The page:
The Fifth SI Conference in Göteborg
The 5th conference of the Situationist International was held in Göteborg, Sweden, 28-30 August 1961, eleven months after the London Conference. The situationists of nine countries were represented by Ansgar-Elde, Debord, J. de Jong, Kotányi, D. Kunzelmann, S. Larsson, J.V. Martin, Nash, Prem, G. Stadler, Hardy Strid, H. Sturm, R. Vaneigem, Zimmer.
At the first session, with Ansgar-Elde chosen as chairman, news is exchanged on the state of the SI’s various sections, and on how people who approach the situationist movement should be treated. The common opinion is that all applications for membership ought subjected to strict examination, especially where already existing artistic groups are involved (as in England and Germany). Prem then proposes that it should be the relevant national sections alone who judge the quality of the situationist within their own country; this would apply not only to evaluating the intentions of newcomers, but also to the circumstances and the potential participation of those already belonging to the SI. This demand meets with several protests in the name of the situationists’ very unity and internationalism. The situationists of Prem’s tendency obviously call for this exorbitant power of control because their theses, which are a minority within the SI (cf. the debates at the IVth conference), still hold the majority in Germany, after having ruled there uncontested for so long. They propose the exclusion from the German section of opponents within it who support the SI’s policies. The decision of the Conference is that the entire SI should be the judge for all countries — with this responsibility going to the CC between Conferences — after information and well-reasoned advice has been submitted to it by each particular section in the case of admissions and, more importantly, any dissent within a country.
Nash declares that the Scandinavians decided to amalgamate into a single section, at least for a year, because of their great geographical dispersion across four states with similar cultural conditions (one of them is even in Iceland). They then considered re-establishing the autonomy of the Danish section, which they initially attempted to maintain, but which found too little local support.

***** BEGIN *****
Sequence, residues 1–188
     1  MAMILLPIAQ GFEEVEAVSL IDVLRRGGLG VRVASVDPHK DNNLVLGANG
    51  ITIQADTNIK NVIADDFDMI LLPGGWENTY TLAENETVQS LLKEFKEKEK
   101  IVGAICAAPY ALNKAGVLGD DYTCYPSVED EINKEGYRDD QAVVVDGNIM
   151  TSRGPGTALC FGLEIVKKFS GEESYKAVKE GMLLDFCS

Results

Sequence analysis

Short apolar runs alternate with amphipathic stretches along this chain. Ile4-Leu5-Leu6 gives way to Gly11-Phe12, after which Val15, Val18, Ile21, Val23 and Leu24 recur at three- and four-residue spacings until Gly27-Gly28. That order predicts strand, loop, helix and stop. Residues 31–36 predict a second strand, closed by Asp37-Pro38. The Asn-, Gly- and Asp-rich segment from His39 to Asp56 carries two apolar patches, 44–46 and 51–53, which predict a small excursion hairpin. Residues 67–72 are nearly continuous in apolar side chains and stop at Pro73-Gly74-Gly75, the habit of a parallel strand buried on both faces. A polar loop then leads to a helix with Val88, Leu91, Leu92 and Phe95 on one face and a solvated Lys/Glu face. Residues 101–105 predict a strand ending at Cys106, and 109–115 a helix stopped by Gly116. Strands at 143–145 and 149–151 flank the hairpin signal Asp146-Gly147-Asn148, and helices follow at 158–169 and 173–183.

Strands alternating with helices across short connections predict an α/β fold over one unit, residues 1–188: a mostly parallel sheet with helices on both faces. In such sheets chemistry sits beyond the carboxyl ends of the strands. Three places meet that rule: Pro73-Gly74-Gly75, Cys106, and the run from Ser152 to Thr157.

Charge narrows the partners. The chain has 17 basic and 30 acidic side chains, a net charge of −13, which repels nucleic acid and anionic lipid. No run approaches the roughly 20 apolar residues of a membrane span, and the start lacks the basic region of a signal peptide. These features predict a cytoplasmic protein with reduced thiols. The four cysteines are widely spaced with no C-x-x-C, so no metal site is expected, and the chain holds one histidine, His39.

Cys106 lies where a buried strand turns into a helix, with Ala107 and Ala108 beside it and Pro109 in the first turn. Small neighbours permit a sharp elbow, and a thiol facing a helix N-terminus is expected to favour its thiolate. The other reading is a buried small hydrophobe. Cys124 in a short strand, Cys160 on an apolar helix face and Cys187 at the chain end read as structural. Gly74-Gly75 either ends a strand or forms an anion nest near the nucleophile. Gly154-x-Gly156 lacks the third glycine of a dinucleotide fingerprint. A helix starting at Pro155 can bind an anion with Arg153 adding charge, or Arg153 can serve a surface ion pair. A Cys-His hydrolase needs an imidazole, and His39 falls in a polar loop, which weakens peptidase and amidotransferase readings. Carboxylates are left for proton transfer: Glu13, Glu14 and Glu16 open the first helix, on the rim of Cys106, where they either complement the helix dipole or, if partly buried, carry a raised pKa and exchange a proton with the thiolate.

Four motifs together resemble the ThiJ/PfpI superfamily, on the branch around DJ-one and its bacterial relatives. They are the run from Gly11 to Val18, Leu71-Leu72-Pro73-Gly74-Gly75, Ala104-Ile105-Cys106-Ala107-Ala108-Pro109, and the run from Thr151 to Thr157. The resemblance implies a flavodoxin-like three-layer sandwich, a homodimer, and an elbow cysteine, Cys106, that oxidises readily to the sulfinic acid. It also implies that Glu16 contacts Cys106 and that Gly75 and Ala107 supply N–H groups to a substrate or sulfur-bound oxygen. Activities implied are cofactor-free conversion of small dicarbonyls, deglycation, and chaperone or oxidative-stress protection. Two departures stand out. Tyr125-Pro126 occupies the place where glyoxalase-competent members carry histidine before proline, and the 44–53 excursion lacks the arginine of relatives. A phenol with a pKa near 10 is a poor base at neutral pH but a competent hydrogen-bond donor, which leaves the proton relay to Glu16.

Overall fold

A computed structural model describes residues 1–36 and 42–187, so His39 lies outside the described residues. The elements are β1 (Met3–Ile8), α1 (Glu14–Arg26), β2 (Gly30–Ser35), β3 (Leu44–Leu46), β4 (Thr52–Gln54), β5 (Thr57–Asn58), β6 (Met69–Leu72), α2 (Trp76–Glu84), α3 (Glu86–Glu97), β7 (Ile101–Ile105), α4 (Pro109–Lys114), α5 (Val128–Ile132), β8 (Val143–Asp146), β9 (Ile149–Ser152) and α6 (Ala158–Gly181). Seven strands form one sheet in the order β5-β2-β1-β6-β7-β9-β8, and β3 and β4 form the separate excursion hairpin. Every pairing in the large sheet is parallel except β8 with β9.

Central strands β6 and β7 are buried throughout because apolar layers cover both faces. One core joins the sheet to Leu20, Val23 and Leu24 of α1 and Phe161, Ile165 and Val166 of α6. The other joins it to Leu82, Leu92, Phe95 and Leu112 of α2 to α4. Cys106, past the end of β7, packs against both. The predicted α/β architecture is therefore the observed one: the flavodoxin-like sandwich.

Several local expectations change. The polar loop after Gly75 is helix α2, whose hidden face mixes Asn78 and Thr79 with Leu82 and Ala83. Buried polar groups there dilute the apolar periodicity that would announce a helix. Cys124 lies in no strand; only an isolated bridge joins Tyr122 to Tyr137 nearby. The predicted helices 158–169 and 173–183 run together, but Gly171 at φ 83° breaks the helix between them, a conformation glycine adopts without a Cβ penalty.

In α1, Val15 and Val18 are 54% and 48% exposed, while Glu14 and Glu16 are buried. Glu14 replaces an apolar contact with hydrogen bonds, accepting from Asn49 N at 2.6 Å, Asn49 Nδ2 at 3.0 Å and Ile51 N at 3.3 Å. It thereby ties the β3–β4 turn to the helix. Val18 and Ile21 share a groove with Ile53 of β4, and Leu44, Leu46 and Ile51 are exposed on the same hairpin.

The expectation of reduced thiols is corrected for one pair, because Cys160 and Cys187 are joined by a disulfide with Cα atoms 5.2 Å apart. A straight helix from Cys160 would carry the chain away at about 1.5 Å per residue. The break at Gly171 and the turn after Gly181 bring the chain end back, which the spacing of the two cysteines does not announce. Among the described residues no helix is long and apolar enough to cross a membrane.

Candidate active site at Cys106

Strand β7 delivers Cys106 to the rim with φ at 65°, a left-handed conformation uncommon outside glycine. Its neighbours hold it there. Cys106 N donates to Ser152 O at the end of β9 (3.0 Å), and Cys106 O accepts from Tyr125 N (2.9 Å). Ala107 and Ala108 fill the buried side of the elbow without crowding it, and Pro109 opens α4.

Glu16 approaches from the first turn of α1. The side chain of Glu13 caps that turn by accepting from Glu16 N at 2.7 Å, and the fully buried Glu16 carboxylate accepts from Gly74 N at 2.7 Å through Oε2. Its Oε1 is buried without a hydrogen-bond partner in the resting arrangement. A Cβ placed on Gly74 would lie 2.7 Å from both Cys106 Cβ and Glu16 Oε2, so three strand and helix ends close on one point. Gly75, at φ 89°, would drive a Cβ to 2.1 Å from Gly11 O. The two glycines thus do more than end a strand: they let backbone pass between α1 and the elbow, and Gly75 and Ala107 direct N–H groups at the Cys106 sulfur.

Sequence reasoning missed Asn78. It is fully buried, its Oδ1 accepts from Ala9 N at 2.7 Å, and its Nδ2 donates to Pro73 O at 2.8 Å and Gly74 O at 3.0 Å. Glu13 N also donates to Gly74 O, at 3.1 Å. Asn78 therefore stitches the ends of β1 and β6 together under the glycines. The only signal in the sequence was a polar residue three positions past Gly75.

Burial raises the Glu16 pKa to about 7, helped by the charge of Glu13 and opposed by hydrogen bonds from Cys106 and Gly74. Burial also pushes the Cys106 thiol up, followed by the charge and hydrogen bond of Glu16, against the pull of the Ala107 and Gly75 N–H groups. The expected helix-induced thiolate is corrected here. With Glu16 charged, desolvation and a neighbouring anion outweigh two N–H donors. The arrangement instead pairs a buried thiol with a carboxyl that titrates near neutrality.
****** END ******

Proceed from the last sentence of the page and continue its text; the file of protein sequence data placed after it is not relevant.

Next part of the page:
Next the Conference hears an orientation report by Vaneigem, who says notably:
The Situationist International finds itself, through present historical circumstances as much as its internal evolution, at such a level of development that the activity it considers itself in a position to deploy in a bureaucratic and reified world is predicated on the critical rigor it is capable of maintaining as a cohesive force. Its weakness in the face of the tasks to come, and the expected repression, can only become a strength if every one of its members becomes conscious of what endangers it and what endangers them, that is to say, of what the SI is and what it intends to be. The price of this is the autonomy of individual sections.
- “Cutting back just a liter of wine per day or one liter of liqueur for every fifteen frees up an amount corresponding to the cost of a refrigerator within a year. After three months, the savings already allow for the purchase of a vacuum cleaner, a record player or a radio. . . . Every year, the French drink the price of building a city the size of Arras or Brive.”
— Elle, 15 September 1961
The organization of life in capitalist and supposedly anti-capitalist society takes the form of the spectacle. The point is not to elaborate the spectacle of refusal, but to refuse the spectacle. In order for their elaboration to be artistic in the new and authentic sense defined by the SI, the elements of the destruction of the spectacle must precisely cease to be works of art. There is no such thing as situationism, or a situationist work of art, or a spectacular situationist. Once and for all.
Such a perspective means nothing if it is not linked directly to revolutionary praxis, to the will to change the employment of life (an act that can in no way be reduced to merely changing the employers of existing works). The possibility of a new type of critical action, independent of current revolutionary movements, depends, furthermore, on the following.
Indeed, the above is the only context in which the situationists can even talk of a freedom of action. With this accomplished, everything remains to be done: a) to grasp, as an integrated group, the totality (the refusal of reformism) in an insufficient world (where every fragment is a totality, where there is only a fragmentary totality); b) to construct situationist bases in preparation for a unitary urbanism and a free life; c) to return real life to its pre-eminence, for a way of life opposed to all mythical, immutable and quantified worlds; d) to redefine desires in the meticulously explored field of real possibilities; e) to seize control of every technological means that is likely to assure the domination of every possibility.
These interrelated activities provide a preliminary sketch of the project of a permanent revolution.
Our position is that of combatants between two worlds — one that we don’t acknowledge, the other that does not yet exist. We must precipitate the crash; hasten the end of the world, the disaster in which the situationists will recognize their own.